If you’re in the market for a vintage camera, our latest infographic covers everything to look for before taking the plunge.
While we cover the latest and greatest cameras on The Phoblographer, some of our favorites actually happen to be vintage cameras. Although vintage cameras lack most of the advancements we enjoy in today’s cameras, they offer a different shooting experience. They are products from a bygone era, more akin to mechanical tools rather than the full-fledged computers that cameras are today. The shooting experience with a vintage camera is often much more tactile and evokes a sense of nostalgia. If you’re planning on purchasing a vintage camera of your own, here are the things you should be on the look out for.
Electronic or Mechanical?
While many vintage cameras are completely mechanical, some of the best examples we’ve seen in the past combine both mechanical and electronic elements. If a vintage camera features electronics built-in, it will need batteries in order to operate. Ensure that the battery compartment is free of any corrosion. Sometimes dead batteries are accidentally left inside vintage cameras, and the lead acid will leak out overtime. This will lead to the battery terminals becoming corroded. While they can sometimes be cleaned, it’s best to try and find vintage cameras that are corrosion free.
Just like with used vehicles, vintage cameras will need some TLC as well. Since you weren’t the original owner, you’ll want to give a vintage camera a once-over in the form of a CLA. CLA stands for Clean, Lube, Adjustment, and you’ll want to do this regardless of whether the vintage camera is a rangefinder or SLR. It’s essentially a tune up to ensure that everything works like new. You’ll also want to check the viewfinder to make sure there isn’t any debris, dust, or fungus.
Time takes a toll on all things, and vintage cameras are no different. It’s possible for certain shutter speeds on your vintage camera to not work as reliably as others. As the components within vintage cameras age, you may experience misfires or malfunctions when shooting at certain shutter speeds. Consider burning a sacrificial roll of film to test out the various shutter speeds available on your vintage camera. Listen to the sound of the shutter at each available shutter speed. They should sound differently.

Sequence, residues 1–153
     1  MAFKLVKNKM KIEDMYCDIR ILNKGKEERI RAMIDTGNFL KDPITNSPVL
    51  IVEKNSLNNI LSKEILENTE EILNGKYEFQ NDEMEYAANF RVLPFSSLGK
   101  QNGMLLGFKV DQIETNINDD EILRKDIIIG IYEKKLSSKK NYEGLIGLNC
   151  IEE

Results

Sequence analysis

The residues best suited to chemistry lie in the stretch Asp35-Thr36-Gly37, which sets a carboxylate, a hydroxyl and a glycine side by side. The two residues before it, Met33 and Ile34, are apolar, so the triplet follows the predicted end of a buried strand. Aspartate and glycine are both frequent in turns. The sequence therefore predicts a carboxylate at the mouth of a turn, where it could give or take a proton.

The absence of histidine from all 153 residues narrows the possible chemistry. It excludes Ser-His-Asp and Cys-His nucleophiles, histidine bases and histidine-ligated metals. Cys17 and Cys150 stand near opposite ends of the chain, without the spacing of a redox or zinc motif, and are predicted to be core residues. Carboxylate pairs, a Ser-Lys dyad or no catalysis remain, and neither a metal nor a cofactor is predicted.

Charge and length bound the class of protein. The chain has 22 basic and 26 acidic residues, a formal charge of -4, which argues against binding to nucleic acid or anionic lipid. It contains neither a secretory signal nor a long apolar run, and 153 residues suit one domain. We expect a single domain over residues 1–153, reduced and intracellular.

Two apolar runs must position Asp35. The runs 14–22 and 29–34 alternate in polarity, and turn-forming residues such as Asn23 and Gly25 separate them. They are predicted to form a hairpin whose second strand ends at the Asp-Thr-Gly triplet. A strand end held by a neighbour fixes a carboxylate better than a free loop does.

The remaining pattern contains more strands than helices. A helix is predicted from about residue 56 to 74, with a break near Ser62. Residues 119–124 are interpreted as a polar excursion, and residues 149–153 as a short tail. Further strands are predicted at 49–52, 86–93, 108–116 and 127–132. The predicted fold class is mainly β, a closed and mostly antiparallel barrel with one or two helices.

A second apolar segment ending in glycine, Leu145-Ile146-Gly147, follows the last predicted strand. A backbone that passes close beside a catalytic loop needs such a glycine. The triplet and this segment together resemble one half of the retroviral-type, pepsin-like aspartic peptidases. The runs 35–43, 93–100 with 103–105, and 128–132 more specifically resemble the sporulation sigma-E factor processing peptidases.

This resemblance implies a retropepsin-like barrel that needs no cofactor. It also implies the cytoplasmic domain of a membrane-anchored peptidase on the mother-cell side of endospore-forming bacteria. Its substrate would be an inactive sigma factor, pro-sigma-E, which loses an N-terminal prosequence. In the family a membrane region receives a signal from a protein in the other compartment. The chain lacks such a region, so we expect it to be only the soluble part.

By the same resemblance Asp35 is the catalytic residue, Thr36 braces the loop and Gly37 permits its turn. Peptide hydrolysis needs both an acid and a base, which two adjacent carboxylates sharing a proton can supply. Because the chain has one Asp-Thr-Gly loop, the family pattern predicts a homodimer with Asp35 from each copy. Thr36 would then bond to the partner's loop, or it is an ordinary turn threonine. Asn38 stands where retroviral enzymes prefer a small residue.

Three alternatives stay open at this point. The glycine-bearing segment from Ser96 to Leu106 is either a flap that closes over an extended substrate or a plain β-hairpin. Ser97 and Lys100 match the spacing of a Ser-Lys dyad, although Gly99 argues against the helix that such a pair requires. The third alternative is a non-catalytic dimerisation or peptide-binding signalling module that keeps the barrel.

A vintage camera without a functioning film advance is as good as a paperweight: you’ll want to ensure that the film advance is functioning properly. You can check this on most vintage cameras by opening up the back of the camera, pressing the shutter, and then engaging the film advance lever. You’ll also want to ensure other items such as the film release and the film rewind are functioning properly. It’s never a bad idea to do some research on the particular camera model you’re looking to purchase. Some vintage cameras have notorious build quality issues and parts that are prone to failure. Caveat emptor.
Metal or Plastic?
Speaking of build quality, not all vintage cameras were created equal. Although some vintage cameras were made out of metal components and feel positively tank-like, that’s not always the case. Certain vintage cameras were made using plastics. While this makes them lighter and more portable, they’re also less durable. In fact, older plastic cameras can sometimes be pretty fragile. This is worth considering if you’re an accident prone photographer.
Places to Buy
There are plenty of reputable sellers on eBay and Etsy that specialize in vintage cameras. Be sure to check their reviews. Alternatively, you can also find vintage cameras listed on Craigslist and in Facebook Groups by private sellers as well. The drawback is that vetting these private sellers can sometimes be challenging. Consider checking out the used department at reputable camera stores as well. This requires doing some leg work, but some camera stores will actually meet or beat prices that you find online. One thing of note is that the used department at most major camera stores tend to be their most profitable. It’s common practice for them to buy vintage cameras from private sellers at undervalued prices and then reselling them at much more inflated price points.